Compton left ReEstablish Richmond after two years to pursue her social work Ph.D. at VCU, where she’s focusing her research on environmental justice. “The human experience is shaped by our physical environment,” Compton says. “I want to know more about what role a social worker can play.”
She’s studying how communities are affected by environmental hazards and pollution and the work that environmental justice advocates and organizers are doing on the front lines.
“The Ph.D. program has been a mind-blowing experience,” Compton says. “I’ve been able to deeply explore theory and philosophy, and I’ve been exposed to what research could be, thinking about participatory methods and participatory action research.”
Compton hopes to use these new skills to expand the scope of environmental activism from personal efforts to community-based initiatives. “Environmentalism has become more about individual behaviors — recycling behaviors, transportation choices,” Compton says. “I think there’s a bigger story to tell, and that’s really where my research is.”
Teaching Through a Creative Lens
Compton is now an instructor at the VCU School of Social Work, teaching both online and on-ground M.S.W. courses. “For me, the most exciting part about teaching is mentorship,” she says. “I had excellent faculty and professors who became mentors and continued with me through to the Ph.D. program, and I wanted to be part of giving that back.”
In addition to teaching, Compton built an elective course, Social Work and the Natural Environment, for the on-ground program. She also helped develop the Online M.S.W. curriculum, including generalist courses that guide students to deeply consider the meaning of community, organizations, and developing ethical planned change strategies. She has also developed a policy course with a holistic approach to policy practice; the course approaches policy development as the work of dedicated policy actors as well as community and organizational leaders.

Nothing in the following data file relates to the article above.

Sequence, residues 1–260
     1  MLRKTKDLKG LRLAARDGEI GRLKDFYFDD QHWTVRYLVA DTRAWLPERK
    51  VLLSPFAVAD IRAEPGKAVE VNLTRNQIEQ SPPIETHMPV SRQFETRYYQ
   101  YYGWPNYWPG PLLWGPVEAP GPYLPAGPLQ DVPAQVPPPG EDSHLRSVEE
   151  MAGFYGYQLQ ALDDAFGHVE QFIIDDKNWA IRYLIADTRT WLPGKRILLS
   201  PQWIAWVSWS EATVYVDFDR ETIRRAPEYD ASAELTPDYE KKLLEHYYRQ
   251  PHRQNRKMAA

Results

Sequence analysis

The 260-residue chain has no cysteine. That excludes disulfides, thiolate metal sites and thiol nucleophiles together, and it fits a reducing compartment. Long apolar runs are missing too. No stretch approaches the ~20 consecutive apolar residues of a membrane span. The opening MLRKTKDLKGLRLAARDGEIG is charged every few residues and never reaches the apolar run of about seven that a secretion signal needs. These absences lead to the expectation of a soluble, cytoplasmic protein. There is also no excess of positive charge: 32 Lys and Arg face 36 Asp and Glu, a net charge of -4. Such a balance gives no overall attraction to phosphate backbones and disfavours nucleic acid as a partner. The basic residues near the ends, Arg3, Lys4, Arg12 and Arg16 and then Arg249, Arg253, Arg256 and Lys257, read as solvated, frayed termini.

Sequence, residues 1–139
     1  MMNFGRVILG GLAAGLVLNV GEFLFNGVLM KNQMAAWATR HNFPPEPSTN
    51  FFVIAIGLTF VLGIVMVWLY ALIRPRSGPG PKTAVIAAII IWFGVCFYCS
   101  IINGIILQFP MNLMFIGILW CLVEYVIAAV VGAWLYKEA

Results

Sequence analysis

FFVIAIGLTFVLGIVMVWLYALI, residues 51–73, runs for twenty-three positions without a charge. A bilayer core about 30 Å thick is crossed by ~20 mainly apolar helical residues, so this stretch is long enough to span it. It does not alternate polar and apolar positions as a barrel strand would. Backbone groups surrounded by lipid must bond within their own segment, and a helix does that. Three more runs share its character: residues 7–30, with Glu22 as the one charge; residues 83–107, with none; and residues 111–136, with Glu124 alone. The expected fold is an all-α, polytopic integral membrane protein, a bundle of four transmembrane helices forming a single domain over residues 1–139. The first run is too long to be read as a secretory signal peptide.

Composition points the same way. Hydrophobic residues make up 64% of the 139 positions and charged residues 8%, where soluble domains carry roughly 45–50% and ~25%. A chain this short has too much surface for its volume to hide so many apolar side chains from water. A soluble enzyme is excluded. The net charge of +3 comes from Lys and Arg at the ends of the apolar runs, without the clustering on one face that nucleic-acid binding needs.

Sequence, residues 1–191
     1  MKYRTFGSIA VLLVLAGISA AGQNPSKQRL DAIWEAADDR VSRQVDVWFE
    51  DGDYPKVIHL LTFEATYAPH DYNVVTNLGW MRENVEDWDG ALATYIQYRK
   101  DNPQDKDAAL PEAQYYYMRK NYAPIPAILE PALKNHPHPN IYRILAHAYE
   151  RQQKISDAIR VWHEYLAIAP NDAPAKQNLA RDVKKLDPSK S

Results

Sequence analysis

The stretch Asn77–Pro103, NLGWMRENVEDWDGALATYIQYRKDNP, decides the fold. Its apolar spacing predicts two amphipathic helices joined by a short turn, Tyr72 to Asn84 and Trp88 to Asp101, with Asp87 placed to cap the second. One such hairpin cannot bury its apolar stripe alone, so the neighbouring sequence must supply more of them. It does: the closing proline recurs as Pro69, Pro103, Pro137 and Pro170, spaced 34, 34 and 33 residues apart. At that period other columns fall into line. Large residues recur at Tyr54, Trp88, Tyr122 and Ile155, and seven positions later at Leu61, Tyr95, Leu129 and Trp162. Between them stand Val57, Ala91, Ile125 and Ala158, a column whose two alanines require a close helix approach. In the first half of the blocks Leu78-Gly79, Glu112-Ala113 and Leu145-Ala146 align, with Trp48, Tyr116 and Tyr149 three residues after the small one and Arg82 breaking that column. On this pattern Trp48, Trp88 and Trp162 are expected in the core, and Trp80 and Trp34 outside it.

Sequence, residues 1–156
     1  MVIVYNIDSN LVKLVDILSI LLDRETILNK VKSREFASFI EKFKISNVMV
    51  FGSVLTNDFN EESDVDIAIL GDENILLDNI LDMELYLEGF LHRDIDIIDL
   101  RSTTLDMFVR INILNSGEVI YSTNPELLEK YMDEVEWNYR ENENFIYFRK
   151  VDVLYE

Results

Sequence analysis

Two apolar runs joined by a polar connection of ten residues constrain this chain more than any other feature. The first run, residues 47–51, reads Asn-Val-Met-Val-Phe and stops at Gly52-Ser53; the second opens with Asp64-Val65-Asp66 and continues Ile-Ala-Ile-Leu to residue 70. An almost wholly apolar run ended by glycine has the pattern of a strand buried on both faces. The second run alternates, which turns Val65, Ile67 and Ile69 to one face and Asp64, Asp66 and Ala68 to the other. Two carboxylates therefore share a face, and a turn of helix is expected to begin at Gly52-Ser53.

“Even though we are an online program, we are still rooted at VCU,” Compton says. “So I wanted to bring a bit of Richmond into our curriculum. For me, that means making sure that our students are able to understand racial justice. That’s something students can translate to wherever they are geographically.”
Compton also inspires students to take creative, unique approaches to the role of a social worker to make new discoveries in the field. This year, for example, she worked with the VCU Institute for Contemporary Art as a guest lecturer and field supervisor.
“Social work has a lot to teach contemporary art spaces about holding space for hard conversations, and social work has a lot to learn from contemporary art about how art can be used in ways other than art therapy,” Compton says. “How can it be used to push our practice and profession? Our activism? I invite art into the classroom. I think that we learn more through making and creating.”
As Compton continues to teach, she looks forward to completing her dissertation and discovering new areas of research in social work.
“I don’t work in a linear way, and I’m always open to shaping and making something,” she says. “I talk about this with my students, too. If the space that you fit in doesn’t exist yet, then you’ll need to create that space. Right now I’m really happy here in this space because it allows me to be creative and to build something great.”
Embark on a Career in Social Work
The VCU School of Social Work is a top-25 ranked school for social work, according to U.S. News & World Report. The Online M.S.W. program is designed to prepare professional social workers to make a difference as community-informed clinical practitioners and leaders. Students work online and in their own communities, gaining the skills and hands-on experience they need to improve the lives of individuals, families and communities.
Explore more of what VCU’s Online M.S.W. program has to offer, and start building your career in social work.